1. Sign-on to our collective statement by Wednesday, March 9. The statement will be released on our website on Saturday, March 12 and organizations who have signed on will be listed as co-signers.
  2. Observe, join, or organize solidarity events on March 12, 2021 in your local community. In Atlanta, we are co-hosting a community remembrance event with the Asian American Advocacy Fund alongside our co-sponsors: Raksha, CPACS, Korean American Coalition, and New Georgia Project. Please share our solidarity day invitations with your networks.
  3. Use this community toolkit to uplift our 5-part art collaboration series dedicated to the one year remembrance.

EPIC – Pasifika Art Gallery: Reflection, Revival, (R)evolution

Pasifika Art: Reflection, Revival, (R)evolution is a multimedia project grounded in the Samoan cultural practices of talanoa and teu le vā, meaning talk story and to care for the space that connects us. EPIC understands the critical role that art plays in articulating the realities of our communities while also creating space for dreaming of radically different futures

Reflection has a duality that speaks to the need for PI’s to be seen and be in critical dialogue about our roles in social justice movements. Revival speaks to healing and the renewed energy that elders and youth are feeling in response to the pandemic and racial justice uprisings. (R)evolution is both a call to action and a meditation on the changes our communities have undergone due to colonization as well as the conscious decisions younger generations are making about what parts of culture to preserve and evolve. 

What We Heard 

The EPIC team crowdsourced responses to prompts issued through Instagram asking: Can you envision a world without police/prisons? Who or what makes you feel safe? 

WE TAKE CARE OF US. When asked what makes them feel safe, respondents told us about sisters, siblings, prayer circles, parents, friends, and family. Hundreds of times they named people and not systems. It’s clear that the abolition we want will require deep relationships that center community and connection. 

THE FUTURE WE WANT IS POSSIBLE. Though a strong majority of our respondents want abolition, the current state of the world has made it feel unattainable. We want to illustrate that it’s not only possible, in many ways it is already here. 

TOGETHER, WE HAVE THE POWER. This message and framework comes directly from Culture Surge’s The Storytellers’ Guide to Changing Our World. We disrupt traditional notions of power that are exploitative and instead inspire movement building towards a collective power because we know that liberation will require all of us.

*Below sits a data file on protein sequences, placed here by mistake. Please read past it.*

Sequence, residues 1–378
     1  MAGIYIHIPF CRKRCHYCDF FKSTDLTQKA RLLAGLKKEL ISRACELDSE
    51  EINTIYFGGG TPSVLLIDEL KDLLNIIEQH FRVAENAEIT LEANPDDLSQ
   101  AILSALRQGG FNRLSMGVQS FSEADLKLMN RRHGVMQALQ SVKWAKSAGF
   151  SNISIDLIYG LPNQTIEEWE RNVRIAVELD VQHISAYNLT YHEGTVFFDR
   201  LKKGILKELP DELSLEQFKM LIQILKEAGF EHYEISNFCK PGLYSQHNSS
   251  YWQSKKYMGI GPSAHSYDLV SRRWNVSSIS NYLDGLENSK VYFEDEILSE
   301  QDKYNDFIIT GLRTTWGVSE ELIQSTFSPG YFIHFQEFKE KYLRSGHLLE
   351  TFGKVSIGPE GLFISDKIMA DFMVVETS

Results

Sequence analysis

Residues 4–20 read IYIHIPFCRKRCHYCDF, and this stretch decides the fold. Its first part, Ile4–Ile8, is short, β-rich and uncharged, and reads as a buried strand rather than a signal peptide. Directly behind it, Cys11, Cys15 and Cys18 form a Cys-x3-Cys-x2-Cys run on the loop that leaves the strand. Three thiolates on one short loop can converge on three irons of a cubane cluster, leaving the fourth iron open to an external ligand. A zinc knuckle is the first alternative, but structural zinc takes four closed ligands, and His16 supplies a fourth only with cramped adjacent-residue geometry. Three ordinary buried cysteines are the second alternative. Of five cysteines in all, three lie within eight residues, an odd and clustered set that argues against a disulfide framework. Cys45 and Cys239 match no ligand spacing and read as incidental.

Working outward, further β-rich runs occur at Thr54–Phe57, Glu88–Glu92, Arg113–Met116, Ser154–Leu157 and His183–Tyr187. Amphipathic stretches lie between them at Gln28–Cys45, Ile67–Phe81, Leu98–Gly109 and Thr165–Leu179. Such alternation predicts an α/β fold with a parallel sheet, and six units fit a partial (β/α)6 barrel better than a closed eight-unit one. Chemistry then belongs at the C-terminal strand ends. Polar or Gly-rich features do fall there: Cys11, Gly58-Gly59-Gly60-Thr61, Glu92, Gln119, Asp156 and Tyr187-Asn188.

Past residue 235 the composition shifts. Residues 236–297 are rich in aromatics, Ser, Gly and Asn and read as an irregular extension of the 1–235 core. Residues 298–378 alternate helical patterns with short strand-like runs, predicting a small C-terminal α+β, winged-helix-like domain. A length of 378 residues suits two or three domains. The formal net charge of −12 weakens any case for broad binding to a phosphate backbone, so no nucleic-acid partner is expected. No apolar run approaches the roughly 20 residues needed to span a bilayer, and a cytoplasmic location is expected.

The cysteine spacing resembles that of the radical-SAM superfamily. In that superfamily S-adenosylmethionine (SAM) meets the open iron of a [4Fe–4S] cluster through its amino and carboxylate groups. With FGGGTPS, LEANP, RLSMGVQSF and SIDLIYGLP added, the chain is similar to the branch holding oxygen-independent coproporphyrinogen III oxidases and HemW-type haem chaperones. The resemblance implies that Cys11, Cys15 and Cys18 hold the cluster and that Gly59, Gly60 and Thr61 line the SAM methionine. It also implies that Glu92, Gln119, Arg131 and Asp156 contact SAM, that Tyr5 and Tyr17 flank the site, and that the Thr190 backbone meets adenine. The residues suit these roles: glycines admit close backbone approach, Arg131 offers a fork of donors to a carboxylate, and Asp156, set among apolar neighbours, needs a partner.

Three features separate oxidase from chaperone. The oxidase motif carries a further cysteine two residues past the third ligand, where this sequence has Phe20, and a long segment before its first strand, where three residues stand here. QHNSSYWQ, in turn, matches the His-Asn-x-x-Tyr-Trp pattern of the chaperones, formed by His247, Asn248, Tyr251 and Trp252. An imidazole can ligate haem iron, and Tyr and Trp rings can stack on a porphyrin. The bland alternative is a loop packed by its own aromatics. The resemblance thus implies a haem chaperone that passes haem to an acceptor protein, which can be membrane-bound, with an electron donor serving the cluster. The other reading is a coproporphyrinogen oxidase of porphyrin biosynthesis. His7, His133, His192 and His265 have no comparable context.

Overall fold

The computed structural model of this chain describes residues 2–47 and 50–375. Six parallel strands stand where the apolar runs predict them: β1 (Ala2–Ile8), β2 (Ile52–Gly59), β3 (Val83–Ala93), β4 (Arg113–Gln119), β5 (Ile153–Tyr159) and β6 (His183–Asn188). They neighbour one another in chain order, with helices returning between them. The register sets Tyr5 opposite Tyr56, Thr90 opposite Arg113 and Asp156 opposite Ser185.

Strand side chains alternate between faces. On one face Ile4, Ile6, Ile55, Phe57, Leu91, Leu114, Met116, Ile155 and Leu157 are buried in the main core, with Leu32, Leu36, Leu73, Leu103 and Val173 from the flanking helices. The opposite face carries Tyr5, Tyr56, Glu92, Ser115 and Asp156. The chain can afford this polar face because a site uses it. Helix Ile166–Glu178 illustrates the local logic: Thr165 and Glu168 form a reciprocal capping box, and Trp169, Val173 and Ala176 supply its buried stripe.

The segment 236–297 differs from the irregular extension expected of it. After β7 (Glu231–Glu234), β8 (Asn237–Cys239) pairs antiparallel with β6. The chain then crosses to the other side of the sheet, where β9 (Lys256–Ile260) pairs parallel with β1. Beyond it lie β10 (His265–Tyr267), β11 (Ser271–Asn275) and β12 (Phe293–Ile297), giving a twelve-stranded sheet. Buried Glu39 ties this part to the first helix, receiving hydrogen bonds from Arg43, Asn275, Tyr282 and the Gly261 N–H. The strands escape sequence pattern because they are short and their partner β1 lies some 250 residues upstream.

Click here to view the Art Gallery, including film screenings, commissioned artists, and an art contest.

AAPCHO COVID-19 Resource Hub


Association of Asian Pacific Community Health Organizations (AAPCHO) is continuously monitoring (COVID-19) alerts and information from the Centers for Disease Control and Prevention (CDC)Health Resources and Services Administration (HRSA)Centers for Medicare & Medicaid Services (CMS), and other health agencies across the United States and its territories.

This page will be updated frequently with tailored resources for community health centers covering the COVID-19 vaccines, multilingual and culturally appropriate materials for Asian American (AA), Native Hawaiian (NH), and Pacific Islander (PI) communities, resources to address anti-Asian racism, public health considerations, and other public health considerations.

Resources Include: COVID-19 Vaccine, Multilingual and Culturally Appropriate Materials, Resources for Health Centers, Addressing Anti-Asian Racism, Cultural Humility, and Public Health Considerations

If you have questions, would you like to contribute resources to this page, and/or require technical assistance, please email

Cia Siab Inc: Why Are Pronouns Important?

Cia Siab Inc: Have you ever heard someone introduce themselves like this: “Hi, I’m Piper. I use They/Them pronouns”. And wonder why they included their pronouns? Or have you ever been corrected when you referred someone as a ‘She’ instead ‘Ze’? We’re starting to hear and see people share their pronouns on their bio’s, social media, during conversations. Why exactly are pronouns important? And how can you practice being more inclusive of all identities?

Want to learn more, connect with our Queer Coordinators, Leader & Huab Cua at &